Jul 192014


 

Part 2 of this report is here; Part 3 is here.

The three-day Gilead Fest organized by Gilead Media began yesterday in Oshkosh, Wisconsin, at one of the three locations pictured above.

The first night was indeed loaded with power, and by the end of the evening there was certainly plenty of work available for a coroner, but if you guessed the Oshkosh Masonic Center, give yourself a pat on the back.

Jul 182014

As I mentioned in today’s only other post, I’m in Oshkosh, Wisconsin, preparing for the onset of Gilead Fest tonight. After a hearty lunch and a few adult beverages, my friend from Oshkosh and I bombed around the town, visiting a record store, stopping for a custard cone, and sticking our heads in the Masonic Lodge where the fest will be held.

We were listening to YOB’s Atma in the car, which put me in a certain mood. Now, back in my hotel room for a couple of hours, I thought I’d indulge that mood with two new songs from two legendary bands.

SLEEP

This afternoon, Lars Gotrich at NPR spotlighted the premiere of the first new song by Sleep in 20 years, and thanks to a tip from Leperkahn, that’s how I found his article. Twenty years after Dopesmoker, the song is “Clarity”, and it appears as part of Adult Swim’s singles series.

Jul 182014

I’m getting a slow blog start today. Yesterday I traveled with a friend to Oshkosh, Wisconsin (my friend actually grew up in Oshkosh), in order to attend the Gilead Fest, which starts tonight and runs through the weekend. We got in late and stayed up later, eating dinner and drinking Wisconsin brews, and I slept in.

When people asked what we were doing in town (as many did), we told them we were here for a metal festival, and they all said, “Oh,  Rock USA”. Turns out that festival began Wednesday and runs through Saturday and it’s here is Oshkosh, too. With Slayer and Rob Zombie and Korn and Five Finger Death Punch and… no, we’re not here for that thing. But it is a weird fuckin’ coincidence and explains why we had some trouble finding a hotel or motel with vacancies.

Anyway, I’m getting a slow start on the blog day. So I’m just going to throw some things at you that I came across as I was waking up. Starting with this highly unexpected piece of music from Darkest Hour: “By the Starlight”.

Jul 172014


Djinn and Miskatonic

(Today our Russian contributor Comrade Aleks brings us Part 6 of a six-part series in which he puts the same five questions to doom bands from around the world, and introduces us to their music at the same time.)

Sometimes I use this unpopular “quiz” format because there are too many interesting bands that I would like to bring to light, and in my opinion it’s a good way to spread some news and to get new points of view on a few issues (including even some political questions). The list of questions I put to the bands is below:

1. What is the band’s latest news and what are your plans for the near future?

2. What do we get (in the broadest sense) from the release of your last album?

3. What is the best response that your band has ever received?

4. What role does the church (or any other religious organization) play in your life or (let’s take it wider) in the life of the heavy scene? Is there any spiritual, religious, or antireligious component in your songs?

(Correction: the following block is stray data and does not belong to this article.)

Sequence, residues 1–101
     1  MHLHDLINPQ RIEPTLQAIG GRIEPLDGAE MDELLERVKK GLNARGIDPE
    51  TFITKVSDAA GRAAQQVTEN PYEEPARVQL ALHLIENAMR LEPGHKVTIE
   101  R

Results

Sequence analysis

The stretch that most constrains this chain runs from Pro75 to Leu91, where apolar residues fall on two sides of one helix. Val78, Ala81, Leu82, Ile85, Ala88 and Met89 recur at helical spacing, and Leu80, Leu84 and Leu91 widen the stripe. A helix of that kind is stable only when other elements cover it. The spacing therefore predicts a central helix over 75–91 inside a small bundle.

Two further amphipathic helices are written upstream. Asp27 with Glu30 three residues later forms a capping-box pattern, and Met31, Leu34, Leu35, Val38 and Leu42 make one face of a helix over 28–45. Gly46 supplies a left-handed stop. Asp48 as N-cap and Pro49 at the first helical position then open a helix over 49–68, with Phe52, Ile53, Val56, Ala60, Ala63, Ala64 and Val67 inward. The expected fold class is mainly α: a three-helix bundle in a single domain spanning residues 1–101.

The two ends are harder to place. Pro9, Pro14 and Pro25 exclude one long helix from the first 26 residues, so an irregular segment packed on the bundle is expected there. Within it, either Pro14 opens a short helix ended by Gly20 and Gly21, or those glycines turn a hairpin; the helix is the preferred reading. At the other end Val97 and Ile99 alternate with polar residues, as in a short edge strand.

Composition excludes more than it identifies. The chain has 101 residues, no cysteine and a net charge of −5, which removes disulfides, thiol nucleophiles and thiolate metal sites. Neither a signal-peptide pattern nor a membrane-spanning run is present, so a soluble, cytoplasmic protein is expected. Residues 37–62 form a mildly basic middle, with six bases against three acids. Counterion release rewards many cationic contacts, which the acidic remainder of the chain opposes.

5. What does the Media in your country tell about the situation in Ukraine? And how do you see that situation? Some people from other countries have asked me strange questions about Russia’s policy, and let me say that I have a few friends in Ukraine and my colleagues have relatives there, and believe me, there’s no media in ANY country that is showing the problem as it really is. We can watch as the Cold War turns into real warfare.

Today, we bring the answers to these questions from Djinn and Miskatonic (India),  Et Moriemur (Czech Republic), Hooded Priest (Netherlands), Mythological Cold Towers (Brazil), Orthodox (Spain), Soom (Ukraine), and Talbot (Estonia).

Jul 172014

 

Here are a few noteworthy things I spotted and heard yesterday, with some help from my friends. If time permits, I’ll put up a second collection today, because yesterday really brought a cavalcade of things I want to spread around.

ÆVANGELIST

I know there are human beings in Ævangelist, but I still prefer to call them “the Ævangelist entity” because the music sounds like emanations from a dark dimension outside our own by an inhuman being whose shape can’t be mapped. This entity has been churning out music at a an increasingly furious rate. Although the last album, Omen Ex Simulacra emerged from the void only last fall, yesterday brought an announcement by Debemur Morti Productions that a new full-length named Ævangelist III – Writhes in the Murk will become available in September (on CD, vinyl, and digital).

That news would have been enough to stop me in my tracks all by itself, but the announcement was accompanied by the unveiling of the wonderful album cover you see above. It was created by Andrzej Masianis, who also created the painted cover for the last album, which is worth seeing in full rather than in the cropped version that was visible as the album’s front cover. The painting was originally entitled “Exterminating Angel”:

Jul 172014

(Andy Synn reviews the forthcoming 10th album by Austria’s Belphegor.)

Both criticised and praised (often in the same breath) for their focussed commitment to blackened sonic savagery over the years, it’s probably not unfair to say that Belphegor have had their sound established for a while, and that a number of their albums were – if not interchangeable – at least very closely related to one another.

And please don’t read that more harshly than it’s intended. I love Belphegor, and for many years their sound was one that didn’t need to change, aside from the occasional tweak here and there. It was pure extremity and blackened blasphemous brutality, no frills, no fat, no filler – just album after album of lean, mean, killing machine music.

But change is inevitable it seems, and three and a half years after the release of the ravenous Blood Magick Necromance, the Austrian sadists have returned with their new album Conjuring The Dead, which on the one hand demonstrates a noticeable shift in approach, and yet on the other still feels altogether too familiar…

Jul 162014

Abske Fides

(Today our Russian contributor Comrade Aleks brings us Part 5 of a six-part series in which he puts the same five questions to doom bands from around the world, and introduces us to their music at the same time.)